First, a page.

“This idea is tied to Buddhist theme of mindfulness—the practiced ability to live in the present. The life cycle of these flowers make us question why we fail to live life to the fullest, why we don’t spend time with our loved ones, and why we do not take the time to simply pay attention to the living, breathing world around us. Cherry blossom festivals are a time to regain our perspective on life, and to make a promise not to take the good things in our lives for granted.”
Alive in My Solitude
The blossoming cherry trees and the bells of North Cambridge soothe my feelings of anxiety during the late afternoons of my physical isolation. It makes me so happy that Spring is finally here, and that my very favorite month, May, can be enjoyed from my office window.
I’m a bit old fashioned, my brother used to say that I was born old. I like the quiet. I like being alone. The world is with me now, we are all quiet. We are all alone. With my window open, a cup of warm tea in one hand and a joint in the other, I am able to take a break for a few minutes from the cleaning, cooking and the never-ending list of chores one has to do in a house full of humans and pets, and can think while breathing the fresh Spring air and listen to the birds. Most days I sit with the radio on, tuned into NPR, and allow the words of doom and gloom fill the space in my head. But when I light up that joint and hold my tea, it’s nature’s music that helps me escape the feelings of dread about what is happening out there, in the world I can’t really see anymore.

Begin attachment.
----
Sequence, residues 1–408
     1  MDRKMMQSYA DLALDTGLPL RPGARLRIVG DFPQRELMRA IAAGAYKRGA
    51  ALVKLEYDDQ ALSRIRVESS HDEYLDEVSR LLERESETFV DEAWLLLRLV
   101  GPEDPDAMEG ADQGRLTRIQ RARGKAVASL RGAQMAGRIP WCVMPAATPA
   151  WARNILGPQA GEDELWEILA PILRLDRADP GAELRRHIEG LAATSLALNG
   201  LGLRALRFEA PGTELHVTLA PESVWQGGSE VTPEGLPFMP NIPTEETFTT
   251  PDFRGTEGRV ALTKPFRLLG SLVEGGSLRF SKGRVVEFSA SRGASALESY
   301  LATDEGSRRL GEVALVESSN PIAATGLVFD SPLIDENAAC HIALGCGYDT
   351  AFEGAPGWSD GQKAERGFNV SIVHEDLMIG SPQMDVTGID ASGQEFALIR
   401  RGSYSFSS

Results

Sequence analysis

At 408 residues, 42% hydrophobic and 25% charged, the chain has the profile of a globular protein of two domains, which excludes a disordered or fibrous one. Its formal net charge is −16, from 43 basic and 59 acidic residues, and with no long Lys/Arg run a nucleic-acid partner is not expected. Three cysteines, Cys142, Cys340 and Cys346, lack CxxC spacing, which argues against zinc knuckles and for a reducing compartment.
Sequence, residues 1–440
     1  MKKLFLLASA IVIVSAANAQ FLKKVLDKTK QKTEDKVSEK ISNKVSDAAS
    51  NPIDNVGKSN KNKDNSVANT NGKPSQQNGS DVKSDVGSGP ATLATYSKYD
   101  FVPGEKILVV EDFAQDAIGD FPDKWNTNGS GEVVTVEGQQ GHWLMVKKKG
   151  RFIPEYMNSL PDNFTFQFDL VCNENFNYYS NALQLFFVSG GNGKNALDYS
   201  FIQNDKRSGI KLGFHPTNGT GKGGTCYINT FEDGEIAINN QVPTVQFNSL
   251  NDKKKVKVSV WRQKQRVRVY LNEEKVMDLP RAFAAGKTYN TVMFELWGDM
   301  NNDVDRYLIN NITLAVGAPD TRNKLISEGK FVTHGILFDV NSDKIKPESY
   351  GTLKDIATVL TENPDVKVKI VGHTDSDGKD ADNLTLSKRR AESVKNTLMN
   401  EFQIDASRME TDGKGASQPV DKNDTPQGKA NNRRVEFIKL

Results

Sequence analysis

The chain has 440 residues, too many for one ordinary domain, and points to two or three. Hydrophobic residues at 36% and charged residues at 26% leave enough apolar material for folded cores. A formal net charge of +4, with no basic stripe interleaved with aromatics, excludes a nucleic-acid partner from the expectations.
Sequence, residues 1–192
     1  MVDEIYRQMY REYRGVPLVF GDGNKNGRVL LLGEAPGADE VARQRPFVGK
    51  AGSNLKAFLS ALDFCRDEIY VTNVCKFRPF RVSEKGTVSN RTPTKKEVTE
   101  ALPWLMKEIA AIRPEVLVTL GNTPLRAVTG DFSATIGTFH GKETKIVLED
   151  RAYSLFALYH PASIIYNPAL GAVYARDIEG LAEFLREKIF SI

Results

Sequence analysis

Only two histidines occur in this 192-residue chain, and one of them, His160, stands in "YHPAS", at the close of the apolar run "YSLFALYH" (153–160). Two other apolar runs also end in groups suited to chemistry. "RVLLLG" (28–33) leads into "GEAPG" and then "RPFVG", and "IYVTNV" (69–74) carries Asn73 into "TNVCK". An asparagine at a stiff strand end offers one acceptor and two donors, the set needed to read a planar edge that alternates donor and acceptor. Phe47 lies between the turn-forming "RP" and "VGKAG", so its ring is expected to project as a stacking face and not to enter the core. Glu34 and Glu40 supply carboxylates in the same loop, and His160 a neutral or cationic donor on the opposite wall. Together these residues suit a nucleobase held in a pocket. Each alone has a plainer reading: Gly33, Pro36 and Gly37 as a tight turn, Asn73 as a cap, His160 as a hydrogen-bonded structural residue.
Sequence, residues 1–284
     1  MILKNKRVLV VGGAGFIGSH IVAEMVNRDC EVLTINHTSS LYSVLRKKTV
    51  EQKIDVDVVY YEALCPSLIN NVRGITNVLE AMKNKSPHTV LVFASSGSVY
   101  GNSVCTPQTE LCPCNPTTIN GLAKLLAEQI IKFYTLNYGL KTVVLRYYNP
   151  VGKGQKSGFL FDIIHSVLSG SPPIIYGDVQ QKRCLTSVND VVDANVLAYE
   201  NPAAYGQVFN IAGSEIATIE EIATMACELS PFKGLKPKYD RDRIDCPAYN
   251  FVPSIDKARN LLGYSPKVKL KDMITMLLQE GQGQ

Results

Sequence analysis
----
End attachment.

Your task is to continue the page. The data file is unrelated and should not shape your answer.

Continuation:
I’ve been in and out of the outside world where my skills would be monetized and my purpose was tied to a job, but mostly out, for over twenty years. For a while I monetized my time by ending marriages. When that failed I tried to make it in politics. That didn’t work out so great either. It left me with feelings of failure and a humming sense that I had no purpose beyond mothering.
There was a time in my life when I thought feeling “joy” doing the mundane was impossible. But I now know we must feel hope and awe in the smallest moments in this big and unknowable world or we are doomed to miss life. I’ve been thinking that cannabis is making me less efficient because allowing myself to just sit and think goes against all notions of capitalistic efficiency. But like the children’s book Frederick teaches us, we need to observe to see and to create the stories that sustain us when we are unable to “work.”
Now when I take my window break I wonder if we will emerge into a new world that will be nicer to all humans and find a way to see everyone and we will understand our purpose is greater than a paycheck.
Author: JOYCE GERBER
Joyce Gerber is an attorney, advocate and writer. She brings her exceptional organizational skills, patience and compassion to the emerging cannabis industry. She is the creator and host of The Canna Mom Show. When not advocating for cannabis normalization, Joyce is active with many community and civic organizations in Cambridge, Massachusetts, where she lives with her husband, children, pets and several students from the Berklee School of Music. In her spare time she has managed a rock band, ran for a local political office, and likes to create beautiful quilts for friends and family. Joyce has degrees from Northeastern University, Tufts University and Connecticut College. When asked to describe his mom, her son Josh said, “she’s a force to be reckoned with.”